Sunday, April 20, 2014

ObamaCare Perceptions  and Misconceptions**

One man’s perceptions is another man's misconceptions.


As the battle for the Senate heats up,  it is apparent Democrats and Republicans see the health law differently.

As Jonathan Martin explained in today’s New York Times,  ObamaCare poses “vexing’ political problems for Democrats : “Democrats Confront Vexing Politics Over Health Care Law.”

The first problem is that ObamaCare was sold as minor change to help the uninsured with the promise it would not affect anybody else, that  there would be no losers., and that everybody could keep their doctor and their health plan and that costs would go down .   But costs have gone up,  nearly 10 million of the insured have  temporarily lost their plans, and  premiums and deductibles  for existing and replacement plans have gone up.

A second problem is one of miscommunication or message failure.  The American  public is not buying  ObamaCare's  premises and promises.  Every  consecutive national poll since its passage 4 years ago,  has been negative, by average margins of  12% to 15%, a  huge gap by polling standards.

The third  problem is that Medicare and Social Security had broad bipartisan support, while ObamaCare passed only after clandestine parliamentary  maneuvering  without a single Republican support, evoking lasting anger, accusations of  political arrogance, and an  energized  base of Republican voters.

The  fourth  problem is  that  those most helped by the law – young people, minorities, and the uninsured   - may not have turned out in significant enough  numbers in the first six month  enrollment period to lower premiums for the rest of the population (the  true numbers aren’t known yet  but are believed to be in the 25% to 30% range rather the desired 40% needed to head off a death spiral causing spikes in spikes in premiums and deductibles)     Furthermore,  those most helped historically don’t turn out to vote in midterm elections,  in the same numbers as conservative older and white citizens.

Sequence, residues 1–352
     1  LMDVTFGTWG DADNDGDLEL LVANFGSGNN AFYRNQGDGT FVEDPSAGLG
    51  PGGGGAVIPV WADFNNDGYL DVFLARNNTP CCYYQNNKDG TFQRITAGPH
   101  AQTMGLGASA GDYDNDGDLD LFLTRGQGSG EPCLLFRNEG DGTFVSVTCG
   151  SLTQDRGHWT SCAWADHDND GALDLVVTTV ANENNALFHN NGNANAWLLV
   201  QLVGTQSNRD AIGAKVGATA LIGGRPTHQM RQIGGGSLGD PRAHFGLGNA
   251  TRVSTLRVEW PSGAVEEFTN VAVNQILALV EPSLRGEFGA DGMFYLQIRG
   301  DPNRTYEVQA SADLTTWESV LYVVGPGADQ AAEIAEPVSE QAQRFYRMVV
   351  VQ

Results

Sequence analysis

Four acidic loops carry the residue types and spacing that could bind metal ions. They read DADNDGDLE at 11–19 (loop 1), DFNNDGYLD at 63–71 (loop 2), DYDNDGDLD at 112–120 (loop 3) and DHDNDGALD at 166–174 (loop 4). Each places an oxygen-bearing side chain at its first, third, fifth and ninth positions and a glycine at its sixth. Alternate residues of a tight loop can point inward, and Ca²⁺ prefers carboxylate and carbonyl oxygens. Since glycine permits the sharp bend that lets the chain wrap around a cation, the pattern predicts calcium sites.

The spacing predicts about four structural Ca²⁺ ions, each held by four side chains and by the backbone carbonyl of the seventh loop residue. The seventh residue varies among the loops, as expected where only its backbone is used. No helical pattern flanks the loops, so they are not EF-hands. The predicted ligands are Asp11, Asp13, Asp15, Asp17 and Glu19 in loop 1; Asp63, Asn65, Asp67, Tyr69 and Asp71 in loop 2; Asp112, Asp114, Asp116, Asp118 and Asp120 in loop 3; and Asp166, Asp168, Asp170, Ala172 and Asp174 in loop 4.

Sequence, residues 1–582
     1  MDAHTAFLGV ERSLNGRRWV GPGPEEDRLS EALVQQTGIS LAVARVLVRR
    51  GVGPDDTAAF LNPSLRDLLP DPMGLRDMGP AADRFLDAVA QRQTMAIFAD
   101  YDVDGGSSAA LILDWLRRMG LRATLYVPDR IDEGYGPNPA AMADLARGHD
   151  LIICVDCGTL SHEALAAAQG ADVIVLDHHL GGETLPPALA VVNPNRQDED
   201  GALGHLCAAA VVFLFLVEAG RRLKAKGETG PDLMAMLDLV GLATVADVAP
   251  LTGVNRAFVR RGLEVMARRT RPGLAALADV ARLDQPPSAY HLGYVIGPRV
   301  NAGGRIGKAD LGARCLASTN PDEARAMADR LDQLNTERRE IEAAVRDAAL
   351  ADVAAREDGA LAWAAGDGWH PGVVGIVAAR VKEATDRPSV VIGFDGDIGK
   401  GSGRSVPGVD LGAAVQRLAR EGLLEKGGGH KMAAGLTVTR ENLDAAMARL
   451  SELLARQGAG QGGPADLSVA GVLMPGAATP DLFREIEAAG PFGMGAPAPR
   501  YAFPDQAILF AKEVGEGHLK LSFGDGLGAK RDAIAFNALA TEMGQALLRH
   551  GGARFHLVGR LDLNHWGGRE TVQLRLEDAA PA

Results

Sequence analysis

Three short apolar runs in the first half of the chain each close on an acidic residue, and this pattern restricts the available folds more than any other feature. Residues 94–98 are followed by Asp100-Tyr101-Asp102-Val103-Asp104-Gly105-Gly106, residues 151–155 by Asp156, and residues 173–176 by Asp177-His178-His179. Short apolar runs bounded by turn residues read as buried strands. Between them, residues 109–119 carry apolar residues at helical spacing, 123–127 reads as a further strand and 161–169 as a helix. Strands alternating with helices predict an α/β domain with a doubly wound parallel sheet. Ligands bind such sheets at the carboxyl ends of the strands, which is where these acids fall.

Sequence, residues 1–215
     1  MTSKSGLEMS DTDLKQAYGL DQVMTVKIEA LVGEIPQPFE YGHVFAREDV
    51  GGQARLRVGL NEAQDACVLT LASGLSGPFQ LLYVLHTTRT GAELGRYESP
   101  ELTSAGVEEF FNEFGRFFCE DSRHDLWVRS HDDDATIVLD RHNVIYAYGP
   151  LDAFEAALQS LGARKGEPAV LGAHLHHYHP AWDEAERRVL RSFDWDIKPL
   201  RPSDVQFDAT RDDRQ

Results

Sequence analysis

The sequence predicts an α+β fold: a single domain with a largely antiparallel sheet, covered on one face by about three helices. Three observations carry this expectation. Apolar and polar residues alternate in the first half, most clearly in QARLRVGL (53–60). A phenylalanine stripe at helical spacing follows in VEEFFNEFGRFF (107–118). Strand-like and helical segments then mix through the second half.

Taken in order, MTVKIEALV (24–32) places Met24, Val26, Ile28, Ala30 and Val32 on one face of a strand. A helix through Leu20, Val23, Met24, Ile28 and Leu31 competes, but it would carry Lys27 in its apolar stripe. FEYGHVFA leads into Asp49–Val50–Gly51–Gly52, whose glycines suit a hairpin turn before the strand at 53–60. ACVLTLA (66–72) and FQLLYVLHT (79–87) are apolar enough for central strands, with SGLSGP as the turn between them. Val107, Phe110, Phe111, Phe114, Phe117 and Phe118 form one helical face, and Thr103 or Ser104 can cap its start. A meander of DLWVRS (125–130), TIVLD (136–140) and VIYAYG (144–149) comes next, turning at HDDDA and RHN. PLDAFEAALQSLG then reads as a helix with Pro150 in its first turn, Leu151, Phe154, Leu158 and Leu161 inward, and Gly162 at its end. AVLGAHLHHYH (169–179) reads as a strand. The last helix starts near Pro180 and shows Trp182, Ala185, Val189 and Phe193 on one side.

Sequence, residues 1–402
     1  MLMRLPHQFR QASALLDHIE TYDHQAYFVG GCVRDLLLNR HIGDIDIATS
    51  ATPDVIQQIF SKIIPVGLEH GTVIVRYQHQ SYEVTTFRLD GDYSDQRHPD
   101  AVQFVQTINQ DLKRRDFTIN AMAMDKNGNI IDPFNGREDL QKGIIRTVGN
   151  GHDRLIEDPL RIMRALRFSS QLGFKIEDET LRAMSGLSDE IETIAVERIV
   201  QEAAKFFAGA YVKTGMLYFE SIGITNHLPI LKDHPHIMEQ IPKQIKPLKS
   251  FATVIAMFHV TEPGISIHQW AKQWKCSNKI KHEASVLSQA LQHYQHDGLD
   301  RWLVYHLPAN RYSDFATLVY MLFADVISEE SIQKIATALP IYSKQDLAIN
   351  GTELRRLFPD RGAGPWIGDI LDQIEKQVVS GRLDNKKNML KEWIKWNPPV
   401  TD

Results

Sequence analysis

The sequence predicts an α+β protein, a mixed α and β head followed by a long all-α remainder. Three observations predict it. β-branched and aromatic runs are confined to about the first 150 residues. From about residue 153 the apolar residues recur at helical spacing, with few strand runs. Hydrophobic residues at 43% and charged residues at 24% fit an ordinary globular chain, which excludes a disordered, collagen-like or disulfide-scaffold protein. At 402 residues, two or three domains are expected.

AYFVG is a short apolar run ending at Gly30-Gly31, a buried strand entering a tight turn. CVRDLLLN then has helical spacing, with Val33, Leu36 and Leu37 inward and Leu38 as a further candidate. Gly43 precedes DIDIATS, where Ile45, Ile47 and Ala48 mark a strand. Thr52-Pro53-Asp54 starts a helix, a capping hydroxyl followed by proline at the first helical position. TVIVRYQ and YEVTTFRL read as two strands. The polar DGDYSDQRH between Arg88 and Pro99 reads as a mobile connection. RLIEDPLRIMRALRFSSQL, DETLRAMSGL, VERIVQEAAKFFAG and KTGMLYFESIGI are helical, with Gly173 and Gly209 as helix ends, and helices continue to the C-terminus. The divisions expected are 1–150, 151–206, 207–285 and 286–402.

A fifth problem is that the law is so complicated, so structured for the long term, and  its website enrollment  machinery  so  difficult to use, that is confuses voters.,   although 8 million  (2.5% of the population) did enroll and 3 million  joined the Medicaid rolls. 

A sixth problem is that Republicans have shown a talent  “exploit the unknown,  to exploit the fear of people losing something that they have.  That wasn’t true of Social Security and Medicare.”   Those two programs are regarded as net social gains because they are automatic and understood,  not so with ObamaCare. There are hundreds of anecdotal horror stories out there about dropped coverage,  just waiting to be exploited and featured in negative ads.

A seventh  problem is that with Medicare and Social Security people pay something into the system.   This  is  deemed to be fair for everyone  and sits  better with the American culture of self-reliance than massively and blindly  subsidizing the disenfranchised in welfare programs at taxpayer expense.

An eighth problem is that Obamacare is widely perceived  as  a “ social  welfare program” rather than a “social insurance program”,  as  an income transfer,  as redistribution of wealth,  as a means of achieving equality of outcome  rather than incentivizing equality of opportunity.

A ninth  problem is that Americans have lost their faith in government, as evidenced by only 2% of those surveyed in a recent Quinnipiac polls said they trusted government to do right thing almost all of the time.

A tenth problem is that  vulnerable Democrats in red and purple states  have spoken  publicly  against the law and by their actions have shown that embracing the law offers more risks than rewards.

Tweet:   For Democrats,  supporting ObamaCare carries political risks because of negative public perceptions and misconceptions about its value.

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